Smithsonian’s Udvar-Hazy Center Reopening on May 5th, 2021

The Blue Angel McDonnell Douglas F/A-18C Hornet sits in its new home in the Boeing Aviation Hangar. The Hornet was moved into the hanger after shifting the Curtiss SB2C-5 Helldiver, and in the Grumman EA-6B Prowler in the Steven F. Udvar-Hazy Center, in Chantilly, VA, January 13, 2021. Smithsonian Photo by Jim Preston)[20210113JP-0167] [NASM2021-00097]

The Smithsonian National Air & Space Museum’s Steven F. Udvar-Hazy Center in Chantilly, Virginia will reopen to the public on Wednesday, May 5th, 2021; an auspicious date which coincides with the 60th anniversary of Alan Shepard becoming the first American in space. Museum officials have worked hard to create a safe environment for both visitors and staff, a consequence of which is that all visitors planning a trip to the Udvar-Hazy Center must have a timed entry pass. These passes are free and can be requested online. Request a free timed entry pass.

In celebration of Alan Shepard’s historic spaceflight on May 5th, 1961, the museum’s curators have put his Mercury space capsule, Freedom 7, on display at the Udvar-Hazy Center. It is situated next to command module Columbia, which took Apollo 11’s astronauts to the Moon and back in July, 1969.

Mercury MR-3, “Freedom 7”, (A19620021000) and Apollo 11 Command Module, “Columbia”, (A19700102000) on display in the front of the James S McDonnell Space Hangar at the Steven F Udvar-Hazy Center in Chantilly, VA. April 23, 2021. (Smithsonian Photo by Mark Avino)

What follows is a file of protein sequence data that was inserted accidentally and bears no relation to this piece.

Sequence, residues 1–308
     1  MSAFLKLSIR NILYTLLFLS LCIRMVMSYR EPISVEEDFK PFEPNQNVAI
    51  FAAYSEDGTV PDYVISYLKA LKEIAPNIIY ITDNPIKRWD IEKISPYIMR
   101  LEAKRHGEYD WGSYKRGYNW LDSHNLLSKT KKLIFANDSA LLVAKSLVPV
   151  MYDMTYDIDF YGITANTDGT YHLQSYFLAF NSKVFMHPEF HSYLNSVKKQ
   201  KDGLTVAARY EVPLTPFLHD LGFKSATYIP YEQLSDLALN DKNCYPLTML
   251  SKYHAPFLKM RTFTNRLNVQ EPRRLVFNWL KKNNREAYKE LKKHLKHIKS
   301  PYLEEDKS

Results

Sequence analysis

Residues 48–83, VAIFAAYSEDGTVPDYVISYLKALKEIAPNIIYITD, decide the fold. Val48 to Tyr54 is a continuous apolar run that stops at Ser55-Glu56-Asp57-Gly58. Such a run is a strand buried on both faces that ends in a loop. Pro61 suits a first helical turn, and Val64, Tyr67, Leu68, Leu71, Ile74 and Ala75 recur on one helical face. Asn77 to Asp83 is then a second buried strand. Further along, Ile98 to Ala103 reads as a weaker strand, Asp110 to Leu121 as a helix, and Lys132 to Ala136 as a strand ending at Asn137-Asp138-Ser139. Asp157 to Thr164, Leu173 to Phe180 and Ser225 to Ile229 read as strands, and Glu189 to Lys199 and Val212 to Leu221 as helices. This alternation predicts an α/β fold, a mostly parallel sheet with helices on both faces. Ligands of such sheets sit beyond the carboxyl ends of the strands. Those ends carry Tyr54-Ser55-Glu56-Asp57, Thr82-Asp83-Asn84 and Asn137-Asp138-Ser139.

Visitors will be able to see one of the facility’s newest arrivals, a former Blue Angels F/A-18C Hornet, which joined the collection on November 18th, 2020. The colorful combat-veteran jet is now on display in the Boeing Aviation Hangar (after reshuffling the Curtiss SB2C-5 Helldiver and Grumman EA-6B Prowler).



This particular Hornet is Bu.163439, just the 11th F/A-18C produced. She began her U.S. Navy service in 1987, with her initial operational unit being VFA-86 Sidewinders, the first East Coast squadron to receive C model Hornets. She flew with the Sidewinders during Operation Desert Storm, the First Gulf War, in 1991 and later with VFA-83 Rampagers, helping to enforce the no-fly zone over southern Iraq in 1994. All told, the airplane served in eight different squadrons, seeing service in both Atlantic and Pacific oceans as well as the Mediterranean and Red seas before being joining the Blue Angels in 2015. She was active with the Blues until the end of the 2020 season. Soon after, the U.S. Military retired the remainder of their Hornet legacy models (A thru D), although their younger offshoot, the Super Hornet Es and Fs, continue to thrive in naval service. While Super Hornets may resemble their predecessors, they are far more sophisticated and potent airframes of significantly larger size (roughly 33%).

Photo by Jim Preston)[20210113JP-0167] [NASM2021-00097]
Not ready to visit yet? No problem. The museum offers lots of Air and Space resources online, including:

  • Air and Space Anywhere: This portal is your entry-point into NASM’s digital content, like virtual tours, podcasts, and more.
  • Virtual Field Trips: These online experiences for groups of 10 or more will engage and excite learners while aligning with their educational needs.
  • Virtual Story Times: NASM’s Flights of Fancy series offers stories for young children and their families inspired by famous moments and pioneers in aviation and space history.

Please note that the Museum on the National Mall will remain closed until further notice. For more information visit www.airandspace.si.edu



Aircorps Art Dec 2019

Be the first to comment

Leave a Reply

Your email address will not be published.


*